Review: SUPERIOR FOES OF SPIDER-MAN #7

SUPERIOR FOES OF SPIDER-MAN #7
Written by Nick Spencer
Art by Rich Ellis, Lee Loughridge
Published by Marvel Comics
Release Date: December 31, 2013

superiorfoesofspiderman#7Superior Foes of Spider-Man is everything fun about comics, putting the spotlight on the hopeless, gimmick-costumed bad guys that currently populate the Sinister (less-than-)Six. From its great sense of humor and unique visual storytelling to its quirky cast of failures, Superior Foes has resonated with fans as one of the best books Marvel’s putting out these days.

This issue steps back from the comic’s usual focus on Boomerang — the Sinister Six’s lying, cheating leader — and instead follows Beetle, the hyper-organized, ambition-driven financial lawyer who moonlights as a super villain.

Lieber is replaced by Rich Ellis, who tells such a distinct story with his work that Spencer’s words are almost unnecessary. He draws expressions and body language with clear-cut distinction and flair, a perfect fit for the issue’s confident, expressive star. He has no trouble drawing characters of various ages and proportions and costuming without struggling like some of his peers might in undertaking such a diverse cast, tackling the complications of drawing children, quirky costumes, and an array of smart outfits without a single misstep (except, perhaps, for graduation caps.) Food, cars, chibified flashbacks, a great two-page planner outlining Janice’s routine – Ellis’s presents it all flawlessly. The final page, however, while as consistent in its execution as the rest of the book, doesn’t hold quite as much pop as the lead-up asks for, the only visual disappointment in an otherwise truly concrete issue.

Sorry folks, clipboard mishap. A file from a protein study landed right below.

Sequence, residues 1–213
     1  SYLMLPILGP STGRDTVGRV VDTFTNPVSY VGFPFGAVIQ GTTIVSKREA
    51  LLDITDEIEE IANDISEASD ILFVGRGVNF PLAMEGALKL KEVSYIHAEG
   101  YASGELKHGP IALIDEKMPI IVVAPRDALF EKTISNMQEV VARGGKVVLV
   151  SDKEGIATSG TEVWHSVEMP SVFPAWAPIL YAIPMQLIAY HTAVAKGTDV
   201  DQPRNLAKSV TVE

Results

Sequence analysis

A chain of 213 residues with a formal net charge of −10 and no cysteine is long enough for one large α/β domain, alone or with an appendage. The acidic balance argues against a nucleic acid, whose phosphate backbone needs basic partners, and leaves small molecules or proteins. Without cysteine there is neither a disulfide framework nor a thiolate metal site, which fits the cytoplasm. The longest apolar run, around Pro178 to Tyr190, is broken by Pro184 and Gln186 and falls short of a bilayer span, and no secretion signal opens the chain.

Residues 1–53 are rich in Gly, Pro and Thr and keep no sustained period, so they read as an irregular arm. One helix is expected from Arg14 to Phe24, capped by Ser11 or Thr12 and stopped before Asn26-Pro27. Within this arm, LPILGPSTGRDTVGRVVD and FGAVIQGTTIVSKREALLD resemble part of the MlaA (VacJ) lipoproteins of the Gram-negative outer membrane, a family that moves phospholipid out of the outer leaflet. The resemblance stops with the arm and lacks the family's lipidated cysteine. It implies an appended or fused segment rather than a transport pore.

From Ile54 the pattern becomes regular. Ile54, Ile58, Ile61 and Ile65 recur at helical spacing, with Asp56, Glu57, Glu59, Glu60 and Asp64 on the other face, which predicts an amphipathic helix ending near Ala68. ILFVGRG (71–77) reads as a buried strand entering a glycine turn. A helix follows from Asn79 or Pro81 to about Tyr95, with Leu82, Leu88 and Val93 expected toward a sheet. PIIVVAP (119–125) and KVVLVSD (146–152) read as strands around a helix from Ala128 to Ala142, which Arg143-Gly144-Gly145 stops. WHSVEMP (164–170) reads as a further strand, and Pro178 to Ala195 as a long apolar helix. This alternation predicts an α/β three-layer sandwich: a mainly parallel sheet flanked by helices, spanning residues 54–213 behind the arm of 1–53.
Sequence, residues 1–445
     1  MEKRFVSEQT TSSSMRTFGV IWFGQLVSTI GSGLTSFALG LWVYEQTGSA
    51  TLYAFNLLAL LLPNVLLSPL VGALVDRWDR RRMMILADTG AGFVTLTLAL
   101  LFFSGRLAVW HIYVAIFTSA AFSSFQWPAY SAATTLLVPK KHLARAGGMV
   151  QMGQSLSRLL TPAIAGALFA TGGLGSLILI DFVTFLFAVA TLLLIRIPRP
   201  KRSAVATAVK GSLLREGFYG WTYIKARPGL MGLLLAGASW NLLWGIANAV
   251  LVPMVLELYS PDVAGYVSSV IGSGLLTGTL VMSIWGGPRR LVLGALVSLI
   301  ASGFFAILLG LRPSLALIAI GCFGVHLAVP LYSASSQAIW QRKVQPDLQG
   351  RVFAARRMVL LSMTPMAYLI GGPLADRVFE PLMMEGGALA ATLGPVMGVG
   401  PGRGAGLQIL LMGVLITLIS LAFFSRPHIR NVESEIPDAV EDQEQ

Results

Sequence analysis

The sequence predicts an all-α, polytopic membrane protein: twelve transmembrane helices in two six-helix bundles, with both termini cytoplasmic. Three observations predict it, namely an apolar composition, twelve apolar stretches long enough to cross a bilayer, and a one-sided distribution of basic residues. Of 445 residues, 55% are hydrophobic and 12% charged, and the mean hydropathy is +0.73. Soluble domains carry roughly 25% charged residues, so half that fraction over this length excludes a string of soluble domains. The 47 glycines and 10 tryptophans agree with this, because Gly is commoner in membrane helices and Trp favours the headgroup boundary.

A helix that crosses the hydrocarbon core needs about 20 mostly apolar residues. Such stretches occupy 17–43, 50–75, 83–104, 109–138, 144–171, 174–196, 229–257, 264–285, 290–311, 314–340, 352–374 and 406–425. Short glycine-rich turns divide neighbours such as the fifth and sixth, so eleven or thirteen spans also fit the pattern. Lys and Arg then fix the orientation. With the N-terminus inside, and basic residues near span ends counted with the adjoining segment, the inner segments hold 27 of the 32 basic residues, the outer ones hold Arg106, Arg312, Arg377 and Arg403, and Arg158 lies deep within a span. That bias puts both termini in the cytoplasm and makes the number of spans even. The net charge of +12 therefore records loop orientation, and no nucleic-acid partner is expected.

Loughridge is a perfect fit to Ellis’s art, deploying muted colors that set the book apart from so many others on the shelves that rely on heavy shadowing, gradients, and harsh colors choices. His colors compliment Ellis’s frequent use of backgroundless panels for key dialogue moments, making smart choices that give panels a little lift without taking the focus. He treats Ellis’s smart fashions with equally well-chosen color. His tans and blues give depth and emotion to scenes, and his color scheme choices help the transition between scenes become more noticeable. And his attention to skintones in particular is greatly appreciated.

Spencer weaves a great relationship between Tombstone and his daughter, twining Superior Foes’s usual humor with just enough real life that some readers may find themselves identifying with the father-daughter dynamic. This same combination is applied to the relationship between the bad guys Janice offers legal counsel to, with genuinely hilarious results. As always, the jokes are extremely well-timed in this book, and conversational exchanges feel real, even when characters are discussing super villain problems and plots. Spencer’s unique perspective on the Marvel universe – and real life – produce a consistently great read. The writing is almost too good, as by the end of the issue, it’s difficult not to feel cheated by its twenty-page length.

Superior Foes has few discernable flaws, and at this point it’s baffling to even need to say you should be buying this book, because you must not read comics at all if you don’t.

The Verdict: 10/10

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